Tuesday, May 22, 2007

MMA In The New York Times

I love MMA, so I'm always happy to see it get more exposure in the popular media. The New York Times has an article on Johnny Morton, and ex-NFL player I'd never heard of, training for his MMA debt, and all in all, it's a good read. Certainly I'm excited about the possibilities when guys as athletic as this dude (benching 400 lbs as a reciever) want to step into the cage.

But then you get a line like this:
Together, they are teaching Morton how to compete in mixed martial arts, one of the few sports that may be more violent and more dangerous than professional football.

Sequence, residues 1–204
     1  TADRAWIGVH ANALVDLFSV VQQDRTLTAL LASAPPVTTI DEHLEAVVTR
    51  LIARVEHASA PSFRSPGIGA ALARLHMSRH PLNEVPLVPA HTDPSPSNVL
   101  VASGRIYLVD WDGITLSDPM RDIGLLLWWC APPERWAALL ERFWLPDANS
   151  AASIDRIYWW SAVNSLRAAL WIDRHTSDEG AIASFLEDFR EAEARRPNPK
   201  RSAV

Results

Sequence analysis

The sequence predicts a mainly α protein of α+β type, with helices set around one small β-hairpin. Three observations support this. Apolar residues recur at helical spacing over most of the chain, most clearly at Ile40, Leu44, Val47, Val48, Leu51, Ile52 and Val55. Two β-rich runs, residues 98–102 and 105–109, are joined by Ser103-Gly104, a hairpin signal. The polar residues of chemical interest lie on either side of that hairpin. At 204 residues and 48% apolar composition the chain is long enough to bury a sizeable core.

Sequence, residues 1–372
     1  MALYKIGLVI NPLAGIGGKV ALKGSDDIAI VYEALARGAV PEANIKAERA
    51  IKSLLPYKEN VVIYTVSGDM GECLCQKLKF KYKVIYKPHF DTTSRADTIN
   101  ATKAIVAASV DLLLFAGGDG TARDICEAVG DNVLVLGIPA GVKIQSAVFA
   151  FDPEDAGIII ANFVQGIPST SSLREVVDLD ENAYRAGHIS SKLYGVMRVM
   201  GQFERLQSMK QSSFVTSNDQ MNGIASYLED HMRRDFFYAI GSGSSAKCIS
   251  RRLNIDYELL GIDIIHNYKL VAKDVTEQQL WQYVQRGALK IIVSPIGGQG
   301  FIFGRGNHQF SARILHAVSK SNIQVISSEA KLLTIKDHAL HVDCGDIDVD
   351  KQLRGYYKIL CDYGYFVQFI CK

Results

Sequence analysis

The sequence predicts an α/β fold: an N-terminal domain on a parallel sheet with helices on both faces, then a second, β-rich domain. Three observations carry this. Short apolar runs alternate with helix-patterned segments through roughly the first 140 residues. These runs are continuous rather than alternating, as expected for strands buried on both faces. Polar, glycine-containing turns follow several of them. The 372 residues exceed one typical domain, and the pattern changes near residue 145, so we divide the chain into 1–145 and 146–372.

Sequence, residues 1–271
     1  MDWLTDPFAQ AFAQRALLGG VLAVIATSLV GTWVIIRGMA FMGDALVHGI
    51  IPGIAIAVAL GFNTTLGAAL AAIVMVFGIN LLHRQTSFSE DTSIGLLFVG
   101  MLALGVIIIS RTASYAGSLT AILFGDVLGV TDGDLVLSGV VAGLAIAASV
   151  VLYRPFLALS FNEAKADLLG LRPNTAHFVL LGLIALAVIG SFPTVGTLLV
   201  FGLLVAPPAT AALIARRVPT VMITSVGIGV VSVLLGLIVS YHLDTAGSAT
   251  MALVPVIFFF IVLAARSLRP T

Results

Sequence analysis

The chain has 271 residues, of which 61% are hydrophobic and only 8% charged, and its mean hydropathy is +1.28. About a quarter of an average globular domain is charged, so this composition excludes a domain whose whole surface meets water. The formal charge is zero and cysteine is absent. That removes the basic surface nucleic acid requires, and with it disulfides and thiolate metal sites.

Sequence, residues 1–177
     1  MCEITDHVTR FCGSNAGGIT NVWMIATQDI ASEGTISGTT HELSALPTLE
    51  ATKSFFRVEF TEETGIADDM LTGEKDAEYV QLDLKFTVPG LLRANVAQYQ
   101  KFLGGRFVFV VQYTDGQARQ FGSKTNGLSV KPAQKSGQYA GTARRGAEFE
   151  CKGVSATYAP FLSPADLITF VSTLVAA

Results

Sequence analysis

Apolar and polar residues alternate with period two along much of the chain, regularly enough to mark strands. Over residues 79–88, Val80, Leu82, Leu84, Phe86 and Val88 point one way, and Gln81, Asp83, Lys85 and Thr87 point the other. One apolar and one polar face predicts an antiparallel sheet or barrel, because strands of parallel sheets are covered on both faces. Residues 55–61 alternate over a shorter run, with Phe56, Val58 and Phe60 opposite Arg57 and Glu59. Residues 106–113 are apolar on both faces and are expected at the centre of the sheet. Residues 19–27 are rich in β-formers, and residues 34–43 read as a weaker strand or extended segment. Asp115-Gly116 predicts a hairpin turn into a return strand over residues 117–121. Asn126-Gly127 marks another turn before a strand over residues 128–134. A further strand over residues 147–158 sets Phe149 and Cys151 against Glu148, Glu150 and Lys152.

Now, it's a throwaway line, and it has the qualifier "may", but it's yet another example of people's reflexive view that MMA is really, really, dangerous, despite lack of any evidence. Now, MMA doesn't have nearly the participation rate, and hasn't been around as long as something like football (so it's hard to make a direct comparison), but there's substantial evidence that football is QUITE dangerous, particular for neck and spine injuries, and people have died while playing and practicing.

Of course there's danger in a sport where you Mirko Crocop can soccer kick you in the head, but there's hardly a physical activity that doesn't involve some risk of serious injury or death. To me, it seems fairly obvious that the biggest injuries come from being hit with a lot force from behind or from an angle you can't see - something much more likely to happen in football than in MMA.

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